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Sunshine for body, soul and health

 
Another long day in the office. It’s already dark outside by the time you set off for home, exhausted in mind and body. But also in the lunch break, when the sun was shining, there was no opportunity to go outside and spend a half-hour sitting in the health-boosting. Most working people in our latitudes will recognise this narrative as the norm. Our modern lifestyle and modern working conditions mean that we spend the greatest part of the day enclosed indoors.

But especially in the winter months, this can be a problem. Because in order to function properly, our body needs a particular hormone, vitamin D, and in order to generate this it requires a certain degree of exposure to sunlight. However, we quite simply spend too little time in the sunshine to stimulate a sufficient level of endogenous, UV-induced vitamin D synthesis in the skin. That is not only bad for our bones, it also encourages numerous illnesses. Studies point to a clear link between too little vitamin D in the blood and a constantly lengthening list of medical conditions, including osteoporosis, muscle weakness, heart attacks, diabetes, rheumatism, depression, multiple sclerosis and Parkinson’s disease. Poor wound healing, back pain and fatigue are in the catalogue, too. Depression, in particular, is a widespread problem that affects many people in winter.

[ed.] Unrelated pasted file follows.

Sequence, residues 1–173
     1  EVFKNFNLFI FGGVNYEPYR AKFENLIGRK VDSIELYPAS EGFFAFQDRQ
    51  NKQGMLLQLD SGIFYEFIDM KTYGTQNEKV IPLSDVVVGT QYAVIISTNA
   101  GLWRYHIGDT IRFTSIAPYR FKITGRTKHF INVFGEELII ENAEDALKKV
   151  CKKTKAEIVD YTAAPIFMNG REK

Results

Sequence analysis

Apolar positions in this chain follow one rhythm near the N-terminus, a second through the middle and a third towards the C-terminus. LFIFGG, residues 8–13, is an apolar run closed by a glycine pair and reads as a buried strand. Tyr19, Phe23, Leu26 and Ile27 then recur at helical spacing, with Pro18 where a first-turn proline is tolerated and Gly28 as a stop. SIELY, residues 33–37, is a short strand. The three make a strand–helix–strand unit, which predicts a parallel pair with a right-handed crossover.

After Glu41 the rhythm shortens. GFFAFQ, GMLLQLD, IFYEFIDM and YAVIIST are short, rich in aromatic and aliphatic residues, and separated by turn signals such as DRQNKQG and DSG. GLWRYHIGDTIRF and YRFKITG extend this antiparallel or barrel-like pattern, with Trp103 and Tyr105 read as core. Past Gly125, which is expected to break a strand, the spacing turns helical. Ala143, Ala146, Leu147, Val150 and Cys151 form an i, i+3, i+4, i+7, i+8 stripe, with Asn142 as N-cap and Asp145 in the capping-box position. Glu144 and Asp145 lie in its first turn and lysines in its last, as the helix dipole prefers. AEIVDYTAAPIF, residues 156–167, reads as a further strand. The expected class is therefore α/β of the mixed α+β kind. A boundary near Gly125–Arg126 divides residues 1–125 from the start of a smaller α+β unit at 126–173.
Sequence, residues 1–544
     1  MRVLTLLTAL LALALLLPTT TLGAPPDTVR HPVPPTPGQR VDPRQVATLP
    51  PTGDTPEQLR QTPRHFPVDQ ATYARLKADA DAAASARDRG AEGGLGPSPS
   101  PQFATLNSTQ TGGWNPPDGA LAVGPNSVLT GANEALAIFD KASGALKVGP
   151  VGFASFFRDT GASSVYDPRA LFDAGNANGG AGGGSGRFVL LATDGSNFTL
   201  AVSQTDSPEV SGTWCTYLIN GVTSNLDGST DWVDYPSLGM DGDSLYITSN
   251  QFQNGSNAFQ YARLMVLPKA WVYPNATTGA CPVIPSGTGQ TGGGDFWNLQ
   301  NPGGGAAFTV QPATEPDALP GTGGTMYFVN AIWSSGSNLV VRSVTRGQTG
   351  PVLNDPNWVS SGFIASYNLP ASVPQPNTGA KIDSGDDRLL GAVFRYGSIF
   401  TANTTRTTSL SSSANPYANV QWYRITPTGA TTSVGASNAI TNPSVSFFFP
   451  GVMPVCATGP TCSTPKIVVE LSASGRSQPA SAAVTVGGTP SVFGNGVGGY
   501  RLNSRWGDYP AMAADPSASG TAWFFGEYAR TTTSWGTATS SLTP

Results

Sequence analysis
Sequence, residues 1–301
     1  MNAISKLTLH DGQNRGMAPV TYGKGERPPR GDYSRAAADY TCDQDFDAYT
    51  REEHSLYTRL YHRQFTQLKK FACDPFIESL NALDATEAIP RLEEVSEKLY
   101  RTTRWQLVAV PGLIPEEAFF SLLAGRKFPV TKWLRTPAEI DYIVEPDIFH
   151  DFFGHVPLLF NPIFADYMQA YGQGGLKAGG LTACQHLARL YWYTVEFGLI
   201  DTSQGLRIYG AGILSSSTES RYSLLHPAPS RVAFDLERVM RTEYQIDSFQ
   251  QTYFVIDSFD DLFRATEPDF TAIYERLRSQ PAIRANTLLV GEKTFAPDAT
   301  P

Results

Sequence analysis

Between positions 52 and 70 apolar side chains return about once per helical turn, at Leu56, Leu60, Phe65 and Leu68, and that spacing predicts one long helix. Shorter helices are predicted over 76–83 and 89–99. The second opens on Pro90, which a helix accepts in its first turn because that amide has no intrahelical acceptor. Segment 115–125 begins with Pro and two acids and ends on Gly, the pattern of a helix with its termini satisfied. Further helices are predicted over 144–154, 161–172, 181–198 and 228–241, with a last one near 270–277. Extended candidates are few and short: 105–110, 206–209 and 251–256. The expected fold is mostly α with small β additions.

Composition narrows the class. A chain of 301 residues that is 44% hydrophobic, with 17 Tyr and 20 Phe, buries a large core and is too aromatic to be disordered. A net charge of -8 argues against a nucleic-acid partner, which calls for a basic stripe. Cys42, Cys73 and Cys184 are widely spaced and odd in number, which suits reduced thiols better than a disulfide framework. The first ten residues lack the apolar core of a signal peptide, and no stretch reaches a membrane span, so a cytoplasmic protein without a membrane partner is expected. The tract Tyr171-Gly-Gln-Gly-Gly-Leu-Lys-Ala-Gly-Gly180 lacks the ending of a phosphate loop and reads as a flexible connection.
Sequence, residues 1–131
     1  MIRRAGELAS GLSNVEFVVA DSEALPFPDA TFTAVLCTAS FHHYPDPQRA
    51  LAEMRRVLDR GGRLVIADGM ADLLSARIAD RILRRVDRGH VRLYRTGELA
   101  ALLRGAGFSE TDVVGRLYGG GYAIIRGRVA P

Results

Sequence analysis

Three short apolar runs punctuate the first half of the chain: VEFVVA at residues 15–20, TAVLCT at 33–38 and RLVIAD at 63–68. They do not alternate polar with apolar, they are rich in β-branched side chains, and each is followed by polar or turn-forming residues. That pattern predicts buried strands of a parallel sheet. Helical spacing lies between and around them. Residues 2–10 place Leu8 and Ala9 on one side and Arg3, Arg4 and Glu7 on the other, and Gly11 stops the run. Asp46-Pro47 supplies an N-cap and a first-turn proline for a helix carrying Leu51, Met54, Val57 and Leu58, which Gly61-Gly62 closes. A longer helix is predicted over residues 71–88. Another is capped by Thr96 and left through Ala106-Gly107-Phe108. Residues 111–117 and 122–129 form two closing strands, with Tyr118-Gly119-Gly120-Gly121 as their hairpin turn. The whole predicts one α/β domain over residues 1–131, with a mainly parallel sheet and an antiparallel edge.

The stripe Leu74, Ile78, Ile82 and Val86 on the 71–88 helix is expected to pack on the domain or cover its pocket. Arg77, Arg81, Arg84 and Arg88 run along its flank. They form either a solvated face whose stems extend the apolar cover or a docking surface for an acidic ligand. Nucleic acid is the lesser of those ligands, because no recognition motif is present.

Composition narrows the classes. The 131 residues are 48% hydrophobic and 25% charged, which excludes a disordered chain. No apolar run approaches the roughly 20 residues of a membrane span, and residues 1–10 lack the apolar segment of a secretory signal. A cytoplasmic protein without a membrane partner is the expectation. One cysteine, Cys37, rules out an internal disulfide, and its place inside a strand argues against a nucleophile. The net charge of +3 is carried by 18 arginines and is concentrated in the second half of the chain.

Which is not surprising. For especially in winter, as the hours of sunshine become less and less, most people have an under-supply of vitamin D. In our latitudes, from mid-October to mid-March, the sun is simply too low in the sky, even at midday, to trigger any significant vitamin D synthesis. And unfortunately, even a long winter walk is not enough. At this time of year, people live off the store of vitamin D deposited in their fatty tissue during the summer. If the store of vitamin D in the body is already too low at the start of the winter because of failure to accumulate enough during the summer, it can fall further in the course of the winter to a level that is harmful to health. That is perhaps also one reason why flu outbreaks tend to occur predominantly in February and March.

So it is important, especially now in the winter months, to ensure an adequate supply of vitamin D for the body. Even an optimised nutrition regime is not able to make up for the deficit. While it is possible to supply the body with vitamin D through the intake of various foodstuffs, the diet would have to include fatty fish or egg yolks, for example, every day in order to prevent a vitamin D shortage. So what we need are natural vital substances - if possible in high doses. They provide the body with as much vitamin D as it really needs. So people who take care of maintaining a healthy vitamin D level throughout the year not only ensure good health but also bring sunshine and good spirits into their lives.

 

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